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Keep shining reform spotlight on Medicaid

 

Upon taking office in the New York State Senate in January 2005, one of the first pieces of legislation I proposed would have initiated a full state takeover of local Medicaid costs and eliminated the property tax as a source of Medicaid funding.


At that time I said, “Our goal must be a Medicaid system where county governments never again have to raise property taxes in order to meet rising Medicaid costs.  This needs to be part of the Medicaid reform debate this year. Upstate property taxpayers have been burdened beyond fairness and reason.  I believe we need to eliminate, once and for all, the local property tax as a source of Medicaid funding. We need to reinvent the system. The most effective way to do that, in my opinion, is to make it the state’s responsibility. If it’s our responsibility, we’ll have no choice but to act on the cost containment to make it possible.”


Five years later, that statement and that goal of reinventing the system still hold true.  So I was pleased by the news late last week that the New York State Association of Counties (NYSAC) and its current president, Chemung County Executive Tom Santulli, have created a commission to study how to transition the administration of Medicaid from counties to the state, which represents one of the key steps toward a more cost-effective, smarter, efficient system of Medicaid in the decade ahead – better for taxpayers, yes, but also better for providers and recipients too.


So the fundamental idea behind a proposal that I advanced in the Senate five years ago will carry on.  In my view, it’s a timely and welcome development.  New York, after all, remains the only state in America still requiring counties to pick up substantial Medicaid costs.  Counties statewide currently pay more than $7 billion a year for Medicaid.  These costs grow by roughly $200 million annually.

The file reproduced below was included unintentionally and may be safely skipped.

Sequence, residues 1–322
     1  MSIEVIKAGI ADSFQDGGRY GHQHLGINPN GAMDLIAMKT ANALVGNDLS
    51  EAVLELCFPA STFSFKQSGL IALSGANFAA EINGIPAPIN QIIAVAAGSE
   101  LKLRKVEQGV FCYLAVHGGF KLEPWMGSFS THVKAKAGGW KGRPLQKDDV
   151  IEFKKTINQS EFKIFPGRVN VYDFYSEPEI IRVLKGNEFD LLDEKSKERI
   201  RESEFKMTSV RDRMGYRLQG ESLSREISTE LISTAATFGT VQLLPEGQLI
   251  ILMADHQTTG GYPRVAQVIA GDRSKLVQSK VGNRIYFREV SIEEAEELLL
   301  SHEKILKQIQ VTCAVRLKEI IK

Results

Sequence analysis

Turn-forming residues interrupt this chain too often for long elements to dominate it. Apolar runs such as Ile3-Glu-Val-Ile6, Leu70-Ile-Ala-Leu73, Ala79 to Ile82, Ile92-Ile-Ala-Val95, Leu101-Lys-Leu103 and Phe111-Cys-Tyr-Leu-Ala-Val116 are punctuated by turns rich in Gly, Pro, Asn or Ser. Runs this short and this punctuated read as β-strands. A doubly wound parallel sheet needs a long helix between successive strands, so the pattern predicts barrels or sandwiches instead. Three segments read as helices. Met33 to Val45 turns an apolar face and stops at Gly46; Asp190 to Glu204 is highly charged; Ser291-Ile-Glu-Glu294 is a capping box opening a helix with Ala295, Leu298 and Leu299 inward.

NYSAC President Santulli said, “Medicaid is the single largest cost for counties and county property taxpayers in New York.  We believe the Federal Healthcare Reform Act lays the perfect foundation for a full-blown takeover of the entire Medicaid program.  Let’s take property taxpayers out of the financing equation for the state’s Medicaid program.”


There are certain fiscal challenges that New York government is going to be forced to meet head on in the next few years and the cost of Medicaid is at the top of the list.  Or it should be.


“Counties want nothing more than getting out of the Medicaid business once and for all, and we should have never been financing this at the property tax level in the first instance.  It’s wrought with inefficiencies,” said NYSAC Executive Director Stephen J. Acquario.  “This commission will be empowered to study the county role in this first step of the process.”


Read more about this ongoing NYSAC effort.


One of this year’s great disappointments is that the 2010-2011 state budget does not jump-start a truly aggressive strategy to rein in Medicaid costs.  Very early in this year’s legislative session, the Senate Minority Task Force on Medicaid Fraud, on which I served as a member, put a concrete proposal on the table to begin reinventing the system by addressing the abuse, fraud, and waste that have plagued it for far too long.  We believed that our initial recommendations, which pointed to annual savings of approximately $500 million as a starting point, represented a careful, deliberate, long-term, results-driven  blueprint for taking control of what can only be described as an out-of-control state program, one now costing state taxpayers one billion dollars a week.


And while state leaders largely turned their backs on our specific plan, the issue will not go away.   One in five New Yorkers are currently enrolled in Medicaid, a number that’s projected to increase to one in four by 2012. 


The urgency of this fiscal crisis demands a renewed focus on reinventing Medicaid.  As long as groups like NYSAC and the Task Force on Medicaid Fraud keep shining the spotlight on the system’s abuses and shortcomings, I’m confident there’ll be no denying the needed reform.


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